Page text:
As soon as we arrived, I registered with the local municipal office. A couple of weeks later I received an insurance card and could enroll in free Danish language lessons. I obtained temporary residence for three years. Permanent residence depended on several things, including passing a Danish language exam and being economically self-sufficient. It was not enough that I was married to a Dane—I needed to demonstrate that I was a contributing member of society and would not become a financial burden to the state. I had to prove that I had full–time work.
Danes are called the happiest people in the world or a bunch of socialists, depending on who is talking.
Danes are called the happiest people in the world or a bunch of socialists, depending on who is talking. The healthcare, higher education and assistance to those in need are not free. Danes pay a lot of taxes, yet a Gallup poll of 2014 showed that 9 out of 10 Danes were happy to pay taxes, and here I cite why:
The reason behind the high level of support for the welfare state in Denmark is the awareness of the fact that the welfare model turns our collective wealth into well-being. We are not paying taxes. We are investing in our society. We are purchasing quality of life.
When a government invests in its people, regardless of their race, sex, religion, or anything else, everyone has a chance to attain a decent quality of life. In terms of finances, anyone who wants an education can get it here, whether it be university, trade school or business school. If you come from a poorer family neither you nor they have to worry about whether they’ll be able to afford your education. The investment we make in the form of taxes is used to create an infrastructure that supports human resources.
Many argue that if you give people a handout, you make them lazy. This is not the case. The government doesn’t just give people handouts. If you lose your job and don’t have unemployment insurance, you can get financial aid under the proviso that you actively seek work. This means applying for jobs, going on interviews, and regularly reporting your progress. If too much time goes by, you may be urged to do some “volunteer work” (which you are already getting paid to do) or settle for work that was not your first choice. This works as an incentive for the person to look harder. I have also seen many people get offered further education to make themselves more employable. I have not even gone into minimum wage here, but suffice it to say, people do not have to work two jobs to have a roof over their heads, food and health care.
I love my life in Denmark and feel it is a privilege to be here. What has made me the happiest is that here I have been able to create a space for my art. Most of my adult life, I have allowed my anxiety about financial survival to overpower my desire to create art. I saw this keenly during the end of my Danish language school when I read a fictionalized diary of Hans Christian Andersen. I had never realized that at the age of 14, he left his home town for Copenhagen to be a performing artist and writer with absolutely no guarantee of any kind. He was a tight rope walker without a net—something I have not been willing to do but deeply admire in others.
“Rather than making me lazy, that net is what makes me braver and more productive.”
What I discovered, though, is that I like having that net beneath me. Rather than making me lazy, that net is what makes me braver and more productive. As I have had the chance to live in different countries outside of the US—Japan and Denmark—and personally experienced how it is to live in different societal structures, I have seen that it is possible to have a civic set-up that cares for the well-being of all without endangering the wealth and stature of the country.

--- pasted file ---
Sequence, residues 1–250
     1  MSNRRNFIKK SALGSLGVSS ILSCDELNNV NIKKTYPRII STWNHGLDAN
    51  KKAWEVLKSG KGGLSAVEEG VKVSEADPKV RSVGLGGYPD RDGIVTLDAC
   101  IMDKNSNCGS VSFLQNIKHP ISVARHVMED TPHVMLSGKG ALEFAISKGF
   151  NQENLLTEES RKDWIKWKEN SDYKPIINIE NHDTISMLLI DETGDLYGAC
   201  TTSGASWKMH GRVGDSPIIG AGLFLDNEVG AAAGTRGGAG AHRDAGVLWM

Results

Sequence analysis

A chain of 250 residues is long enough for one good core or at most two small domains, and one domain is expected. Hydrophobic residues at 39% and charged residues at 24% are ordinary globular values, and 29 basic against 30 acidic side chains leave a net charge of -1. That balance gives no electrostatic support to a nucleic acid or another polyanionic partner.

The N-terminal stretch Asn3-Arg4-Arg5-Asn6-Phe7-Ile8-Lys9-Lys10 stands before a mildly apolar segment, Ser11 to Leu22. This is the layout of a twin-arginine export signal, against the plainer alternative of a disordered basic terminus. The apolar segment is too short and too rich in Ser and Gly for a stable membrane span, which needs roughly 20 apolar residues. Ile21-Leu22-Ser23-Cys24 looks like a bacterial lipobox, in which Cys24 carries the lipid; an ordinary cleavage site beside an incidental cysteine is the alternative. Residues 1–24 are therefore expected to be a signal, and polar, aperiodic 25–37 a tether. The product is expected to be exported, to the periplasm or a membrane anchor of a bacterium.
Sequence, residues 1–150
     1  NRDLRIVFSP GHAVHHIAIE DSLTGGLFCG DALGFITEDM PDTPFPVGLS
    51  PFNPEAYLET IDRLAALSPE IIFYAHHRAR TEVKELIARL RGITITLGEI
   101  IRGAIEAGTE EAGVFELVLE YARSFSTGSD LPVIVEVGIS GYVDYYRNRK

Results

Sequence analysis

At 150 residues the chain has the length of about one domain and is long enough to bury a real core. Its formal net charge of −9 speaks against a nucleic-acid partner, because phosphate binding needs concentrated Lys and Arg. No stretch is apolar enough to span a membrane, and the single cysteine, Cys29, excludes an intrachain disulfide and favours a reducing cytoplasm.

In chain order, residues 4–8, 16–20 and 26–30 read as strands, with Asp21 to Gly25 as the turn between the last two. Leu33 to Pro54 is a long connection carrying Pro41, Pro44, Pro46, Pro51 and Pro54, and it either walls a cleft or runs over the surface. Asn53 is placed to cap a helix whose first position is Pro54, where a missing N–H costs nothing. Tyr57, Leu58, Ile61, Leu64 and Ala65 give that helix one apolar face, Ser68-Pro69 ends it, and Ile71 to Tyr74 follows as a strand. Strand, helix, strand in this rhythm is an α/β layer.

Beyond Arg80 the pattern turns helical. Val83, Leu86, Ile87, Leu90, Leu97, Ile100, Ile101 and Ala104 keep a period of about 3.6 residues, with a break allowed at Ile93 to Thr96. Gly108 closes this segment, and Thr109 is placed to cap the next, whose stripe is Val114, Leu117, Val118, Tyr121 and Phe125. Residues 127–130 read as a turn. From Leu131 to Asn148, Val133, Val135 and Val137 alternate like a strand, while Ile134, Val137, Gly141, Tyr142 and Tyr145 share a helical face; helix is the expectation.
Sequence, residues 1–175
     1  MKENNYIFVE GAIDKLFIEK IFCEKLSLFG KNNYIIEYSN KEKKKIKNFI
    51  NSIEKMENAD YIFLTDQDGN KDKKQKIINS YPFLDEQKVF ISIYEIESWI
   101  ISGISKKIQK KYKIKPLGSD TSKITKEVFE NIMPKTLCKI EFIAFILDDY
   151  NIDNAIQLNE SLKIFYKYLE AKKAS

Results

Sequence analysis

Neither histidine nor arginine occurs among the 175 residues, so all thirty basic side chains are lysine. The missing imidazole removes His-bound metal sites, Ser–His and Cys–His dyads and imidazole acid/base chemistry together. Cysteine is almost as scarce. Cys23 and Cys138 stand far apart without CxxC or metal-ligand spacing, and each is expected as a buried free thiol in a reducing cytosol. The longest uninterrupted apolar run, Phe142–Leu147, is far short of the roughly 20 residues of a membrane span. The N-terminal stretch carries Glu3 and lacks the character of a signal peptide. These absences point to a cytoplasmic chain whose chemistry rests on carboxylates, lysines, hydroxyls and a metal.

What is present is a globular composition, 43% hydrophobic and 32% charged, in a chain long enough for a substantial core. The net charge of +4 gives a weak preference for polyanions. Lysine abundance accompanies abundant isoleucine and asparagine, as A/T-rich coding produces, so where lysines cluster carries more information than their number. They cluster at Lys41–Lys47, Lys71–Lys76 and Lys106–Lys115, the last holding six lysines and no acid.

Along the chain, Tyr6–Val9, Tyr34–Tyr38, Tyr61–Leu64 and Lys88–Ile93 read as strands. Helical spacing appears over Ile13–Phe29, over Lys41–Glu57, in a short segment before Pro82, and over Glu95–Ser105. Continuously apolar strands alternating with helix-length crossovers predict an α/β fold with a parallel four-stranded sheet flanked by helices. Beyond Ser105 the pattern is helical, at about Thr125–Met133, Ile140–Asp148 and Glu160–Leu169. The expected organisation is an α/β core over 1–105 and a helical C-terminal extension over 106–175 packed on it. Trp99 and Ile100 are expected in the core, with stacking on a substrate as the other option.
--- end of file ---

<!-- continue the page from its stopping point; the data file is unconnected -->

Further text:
I am not saying that our system is perfect. No system really is, but from what I can see, it works.
And I admit that it is unfair to compare a country the size of Denmark to the United States. However, when I sit on the other side of the Atlantic Ocean and hear criticism of the “radical left,” I realize how insulated some members of the US population have become. These “radical” changes that people are so afraid of are more the norm in the rest of the developed world, and the US is decades behind.
While political affiliation and racial inequality stand out as prominent issues, I believe that the paradigm shift we need in the US goes even deeper and embraces these elements. It has to do more fundamentally with what people consider to be human rights. I believe that making health care and education available to all people falls under human rights. These are in fact stated in the Universal Declaration of Human Rights. Without these basic needs being met, the playing field will never be level, nor will there be human, let alone equal, rights.
I didn’t want to get political, but it is hard to avoid. The Trump era and now the Corona pandemic have brought about a great deal of hardship to America. Many of us have never been so confused or upset as in these last few years, but behind the turmoil, the noise and the conflict, is the purpose to have a better and more just future for all Americans.
I have thought a lot about how this change could come about because it’s hard to imagine it happening to a country the size of the US, where there are such divergent viewpoints.
Perhaps the size of Denmark is the key. It is far easier for us to manage ourselves because we live in a country of about 5.8 million people. Is there a way to create change that does not just depend on who is in the Senate or House or in the Oval office? While we are working on change at a wider level, I believe we need to build communities at a grassroots level. Then people can choose the type of society they wish to live in. In the spirit of free competition, could a state, county, city, or even a town work to make itself “the place to be?” In other words, “Come to Maine, where you can have access to affordable health care, education, and financial assistance should you run into hard times.” If such communities were formed, they might attract like-minded people and grow.
This is worth fighting for and I believe it is within reach.